The office in charge of performing autopsies for all north Alabama counties could soon shut down. State lawmakers are considering cuts to forensics labs across the state. Those cuts could take away the huntsville lab altogether. WHNT NEWS 19 spoke to Madison County's coroner about his concerns.
The forensics lab in Huntsville does everything from investigating drug cases to performing toxicology tests.
Its staff also does autopsies on bodies from 22 north Alabama counties.
Madison County Coroner Craig Whisenant says it's these services that provide vital information.
"We depend on the local lab to prove our death investigation services as far as autopsy and examinations that are carried out for our residences here in north Alabama," said Whisenant.
State lawmakers are working on a state budget suggesting cuts to Alabama Department of Forensics.
Whisenant is concerned police will spend less time on patrol and more time commuting to the state capital if the the lab closes.
"It would be three hours to Montgomery, three hours back and the next day three hours to Montgomery and three hours back," added Whisenant.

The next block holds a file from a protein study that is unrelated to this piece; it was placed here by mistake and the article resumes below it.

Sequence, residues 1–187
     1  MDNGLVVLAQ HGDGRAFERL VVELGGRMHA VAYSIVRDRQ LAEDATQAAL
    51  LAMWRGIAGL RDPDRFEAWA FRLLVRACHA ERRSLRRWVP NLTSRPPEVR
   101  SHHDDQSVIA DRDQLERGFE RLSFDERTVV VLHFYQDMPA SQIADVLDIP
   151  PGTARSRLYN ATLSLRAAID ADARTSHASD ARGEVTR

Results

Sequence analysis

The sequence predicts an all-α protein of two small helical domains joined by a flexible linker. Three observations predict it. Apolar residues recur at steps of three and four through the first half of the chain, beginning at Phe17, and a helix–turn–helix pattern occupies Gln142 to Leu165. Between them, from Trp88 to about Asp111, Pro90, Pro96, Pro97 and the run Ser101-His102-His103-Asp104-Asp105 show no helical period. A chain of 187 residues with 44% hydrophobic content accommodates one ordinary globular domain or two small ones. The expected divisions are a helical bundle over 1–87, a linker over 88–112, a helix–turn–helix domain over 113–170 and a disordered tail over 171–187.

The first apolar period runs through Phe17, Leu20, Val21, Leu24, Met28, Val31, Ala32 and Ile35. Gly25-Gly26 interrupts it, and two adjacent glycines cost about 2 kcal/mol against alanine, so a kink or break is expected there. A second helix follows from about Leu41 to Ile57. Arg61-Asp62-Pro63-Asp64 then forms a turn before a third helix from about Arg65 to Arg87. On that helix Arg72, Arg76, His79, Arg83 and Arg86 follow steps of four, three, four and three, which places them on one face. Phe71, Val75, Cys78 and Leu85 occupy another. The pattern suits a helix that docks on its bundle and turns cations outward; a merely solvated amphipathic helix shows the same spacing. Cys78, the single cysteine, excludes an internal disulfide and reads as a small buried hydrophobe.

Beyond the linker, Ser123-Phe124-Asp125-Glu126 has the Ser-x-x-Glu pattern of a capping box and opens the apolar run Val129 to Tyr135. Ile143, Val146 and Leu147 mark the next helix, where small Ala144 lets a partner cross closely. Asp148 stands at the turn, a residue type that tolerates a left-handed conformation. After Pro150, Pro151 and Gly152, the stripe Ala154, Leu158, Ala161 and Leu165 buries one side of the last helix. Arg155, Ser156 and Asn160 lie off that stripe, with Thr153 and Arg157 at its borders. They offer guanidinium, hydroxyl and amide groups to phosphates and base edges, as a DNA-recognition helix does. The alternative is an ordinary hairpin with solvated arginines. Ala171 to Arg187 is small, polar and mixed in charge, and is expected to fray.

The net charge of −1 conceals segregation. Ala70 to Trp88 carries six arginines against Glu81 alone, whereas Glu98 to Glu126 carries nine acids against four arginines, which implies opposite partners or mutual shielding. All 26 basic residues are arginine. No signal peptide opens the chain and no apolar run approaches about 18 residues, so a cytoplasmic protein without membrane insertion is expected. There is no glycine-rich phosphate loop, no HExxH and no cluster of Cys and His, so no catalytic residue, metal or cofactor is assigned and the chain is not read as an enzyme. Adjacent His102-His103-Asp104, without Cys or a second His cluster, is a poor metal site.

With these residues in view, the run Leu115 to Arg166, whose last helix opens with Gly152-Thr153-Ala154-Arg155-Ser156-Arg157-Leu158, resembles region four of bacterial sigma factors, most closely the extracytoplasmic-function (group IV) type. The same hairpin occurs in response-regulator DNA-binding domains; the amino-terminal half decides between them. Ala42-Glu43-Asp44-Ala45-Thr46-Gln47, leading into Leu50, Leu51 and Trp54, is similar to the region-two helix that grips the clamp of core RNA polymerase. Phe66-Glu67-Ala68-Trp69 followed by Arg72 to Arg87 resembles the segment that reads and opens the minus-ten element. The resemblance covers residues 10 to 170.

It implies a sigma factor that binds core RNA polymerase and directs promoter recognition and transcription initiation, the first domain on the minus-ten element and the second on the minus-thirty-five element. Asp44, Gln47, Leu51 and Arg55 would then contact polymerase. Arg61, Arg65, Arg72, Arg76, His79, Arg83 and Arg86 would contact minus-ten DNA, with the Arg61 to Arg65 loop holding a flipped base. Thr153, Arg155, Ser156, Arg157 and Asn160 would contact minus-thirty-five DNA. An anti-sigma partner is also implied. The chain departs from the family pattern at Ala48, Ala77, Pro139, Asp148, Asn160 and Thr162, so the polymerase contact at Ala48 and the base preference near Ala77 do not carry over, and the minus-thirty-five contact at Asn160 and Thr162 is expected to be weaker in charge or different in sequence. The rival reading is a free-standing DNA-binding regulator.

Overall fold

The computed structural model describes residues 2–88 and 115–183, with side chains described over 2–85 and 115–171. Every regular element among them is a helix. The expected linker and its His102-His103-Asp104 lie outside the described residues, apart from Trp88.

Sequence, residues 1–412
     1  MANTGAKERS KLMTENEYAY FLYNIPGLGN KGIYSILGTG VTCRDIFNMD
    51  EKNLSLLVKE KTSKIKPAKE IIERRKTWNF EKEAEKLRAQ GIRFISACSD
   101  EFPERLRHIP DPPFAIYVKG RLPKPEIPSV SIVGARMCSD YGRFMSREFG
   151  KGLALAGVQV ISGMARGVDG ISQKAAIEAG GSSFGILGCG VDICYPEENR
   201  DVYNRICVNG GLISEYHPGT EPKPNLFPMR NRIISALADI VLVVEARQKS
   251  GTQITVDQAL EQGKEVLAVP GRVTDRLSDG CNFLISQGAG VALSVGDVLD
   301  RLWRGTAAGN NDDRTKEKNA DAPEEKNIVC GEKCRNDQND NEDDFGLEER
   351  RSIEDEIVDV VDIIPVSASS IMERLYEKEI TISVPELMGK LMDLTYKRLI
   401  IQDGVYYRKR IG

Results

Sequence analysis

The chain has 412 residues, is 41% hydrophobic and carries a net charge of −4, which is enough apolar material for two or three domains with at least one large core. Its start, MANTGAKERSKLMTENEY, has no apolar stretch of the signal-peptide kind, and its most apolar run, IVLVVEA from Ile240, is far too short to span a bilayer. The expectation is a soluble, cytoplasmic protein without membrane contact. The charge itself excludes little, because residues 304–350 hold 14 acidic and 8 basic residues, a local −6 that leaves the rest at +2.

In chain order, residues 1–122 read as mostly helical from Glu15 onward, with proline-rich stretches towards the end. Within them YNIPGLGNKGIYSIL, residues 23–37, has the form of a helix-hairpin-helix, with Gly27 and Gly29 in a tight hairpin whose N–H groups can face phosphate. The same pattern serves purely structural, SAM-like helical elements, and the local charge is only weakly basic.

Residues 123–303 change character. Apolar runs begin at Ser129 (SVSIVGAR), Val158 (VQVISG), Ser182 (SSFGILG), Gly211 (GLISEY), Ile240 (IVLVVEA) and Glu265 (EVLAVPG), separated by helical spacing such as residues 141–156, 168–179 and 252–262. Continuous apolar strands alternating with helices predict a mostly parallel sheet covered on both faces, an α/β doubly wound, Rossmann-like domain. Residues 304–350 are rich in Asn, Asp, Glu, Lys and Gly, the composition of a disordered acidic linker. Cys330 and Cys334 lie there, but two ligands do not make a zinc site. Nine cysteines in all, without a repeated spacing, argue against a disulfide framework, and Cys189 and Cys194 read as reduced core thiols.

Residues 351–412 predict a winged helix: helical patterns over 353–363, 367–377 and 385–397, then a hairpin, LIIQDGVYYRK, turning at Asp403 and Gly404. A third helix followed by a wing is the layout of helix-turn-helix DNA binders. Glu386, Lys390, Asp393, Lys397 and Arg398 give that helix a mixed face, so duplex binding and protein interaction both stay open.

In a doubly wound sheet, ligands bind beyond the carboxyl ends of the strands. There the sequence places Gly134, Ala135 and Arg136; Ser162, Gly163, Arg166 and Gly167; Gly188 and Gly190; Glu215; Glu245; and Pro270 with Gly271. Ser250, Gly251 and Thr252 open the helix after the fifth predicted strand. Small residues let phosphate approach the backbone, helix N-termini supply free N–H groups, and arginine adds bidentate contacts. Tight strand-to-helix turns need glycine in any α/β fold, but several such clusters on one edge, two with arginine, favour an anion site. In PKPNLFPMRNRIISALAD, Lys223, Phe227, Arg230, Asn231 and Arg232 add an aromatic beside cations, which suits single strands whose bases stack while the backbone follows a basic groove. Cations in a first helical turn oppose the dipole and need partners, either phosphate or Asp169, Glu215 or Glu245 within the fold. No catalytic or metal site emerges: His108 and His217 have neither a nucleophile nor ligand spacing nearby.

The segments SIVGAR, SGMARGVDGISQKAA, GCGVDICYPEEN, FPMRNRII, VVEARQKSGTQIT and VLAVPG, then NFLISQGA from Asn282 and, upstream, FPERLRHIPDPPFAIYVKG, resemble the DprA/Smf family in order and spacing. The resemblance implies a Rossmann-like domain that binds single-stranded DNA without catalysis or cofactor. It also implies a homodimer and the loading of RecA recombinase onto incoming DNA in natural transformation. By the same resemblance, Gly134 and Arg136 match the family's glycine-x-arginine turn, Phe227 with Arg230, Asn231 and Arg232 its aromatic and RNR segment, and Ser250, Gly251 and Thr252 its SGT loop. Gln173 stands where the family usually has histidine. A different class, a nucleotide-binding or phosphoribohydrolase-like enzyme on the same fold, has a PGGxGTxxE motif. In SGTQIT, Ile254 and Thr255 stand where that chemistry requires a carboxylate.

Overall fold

Madison County's coroner is also concerned about the impact this will have on investigations.
"We're going to lose that face-to-face interaction that we have here with the staff locally," added Whiesnenat.
Whisenant says families won't likely get possession of their loved one's body for at least three days if the Huntsville lab closes.
Limestone and Madison County State Senator Bill Holtzclaw is against closing the lab.
"We're going to continue to work to do everything we can to keep that lab fully funded and operational," said Sen. Holtzclaw.
Senator Holtzclaw says the lab is important to the state, not only for its case workload, but also the way it operates.
"You have an incredible and efficient operation. It is co-located with the Department of Public Safety. It has incredibly low overhead operational costs," added Sen. Holtzclaw.
State Senator Paul Sanford is also working to keep the lab open. He has asked police, districts attorney and others in law enforcement to write letters of support.
Sen. Sanford recently gave the Huntsville forensics lab $25,000 to use on operational costs. The senator was able to get the money through a grant.